By dividing the entire grade into tiered instruction, the model provides to students who are already achieving at benchmark levels opportunities for enrichment that go beyond the core instructional program. Our school schedule built in a time each week to collect the progress-monitoring data would be collected on students in Tiers 2 and 3.

Suggested Timeline for RTI Implementation

Phase 1            
  • Establish a Professional Learning Community
  • Differentiate instruction in Tier 1
  • Conduct professional development on RTI
  • Begin an Action Plan
  • Set up RTI teams
  • Select an RTI model
  • Choose or design universal screening and begin using
 Phase 2
  • Hold discussions on decision rules, fidelity of implementation, and documentation procedures
  • In Tier 1, regularly use data from assessments to make instructional decisions
  • Make decisions about when and how Tiers 2 & 3 interventions will be conducted
  • Choose or design progress monitoring and begin using
  • Begin differentiating interventions in Tiers 2 and 3
  • Finish Action Plan
Phase 3
  • In all tiers, use data to make most instruction and intervention decisions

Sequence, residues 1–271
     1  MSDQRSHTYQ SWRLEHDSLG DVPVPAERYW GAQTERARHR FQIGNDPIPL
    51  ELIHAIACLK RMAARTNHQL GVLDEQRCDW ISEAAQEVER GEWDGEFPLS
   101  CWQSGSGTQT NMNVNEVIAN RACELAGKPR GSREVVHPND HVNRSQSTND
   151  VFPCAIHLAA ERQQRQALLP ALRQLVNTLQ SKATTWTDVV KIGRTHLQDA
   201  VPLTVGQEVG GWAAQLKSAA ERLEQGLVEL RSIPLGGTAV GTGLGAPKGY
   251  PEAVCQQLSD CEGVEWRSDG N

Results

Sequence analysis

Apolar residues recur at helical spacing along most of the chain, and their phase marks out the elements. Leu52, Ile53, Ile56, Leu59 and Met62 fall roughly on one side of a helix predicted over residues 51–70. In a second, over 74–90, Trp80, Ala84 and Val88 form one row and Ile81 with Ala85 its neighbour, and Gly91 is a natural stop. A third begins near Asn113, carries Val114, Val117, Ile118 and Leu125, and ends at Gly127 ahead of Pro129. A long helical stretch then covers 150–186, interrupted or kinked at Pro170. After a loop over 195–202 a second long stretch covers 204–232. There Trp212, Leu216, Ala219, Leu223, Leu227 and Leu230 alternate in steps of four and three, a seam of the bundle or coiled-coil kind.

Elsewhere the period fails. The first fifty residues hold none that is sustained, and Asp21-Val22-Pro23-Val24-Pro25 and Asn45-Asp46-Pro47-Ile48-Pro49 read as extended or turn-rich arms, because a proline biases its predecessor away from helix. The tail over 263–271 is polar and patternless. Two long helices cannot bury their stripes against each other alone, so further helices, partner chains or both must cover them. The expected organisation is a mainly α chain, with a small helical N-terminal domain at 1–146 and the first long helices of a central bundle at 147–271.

• Differentiate instruction and interventions consistently
  • Evaluate practicality and usefulness of  universal screening and progress monitoring

Give a shoutout--What are your favorite Tier 2 classroom based interventions? Specialists, how do you support classroom teachers with their Tier 2 interventions? I'd love to hear!

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About Me

Welcome to my all thing special education blog. I'm Ms. Whiteley. I teach in the beautiful Mile High state--Colorado. This is my 13th year teaching in an rural K-6 Elementary school as a Exceptional Needs Teachers. As Exceptional Needs National Board Certified Teacher, I believe that ALL students can learn and be successful. When I'm not in school, I love to take my two Italian Greyhounds hiking 14ers and reaching for the stars. Thanks for Hopping By.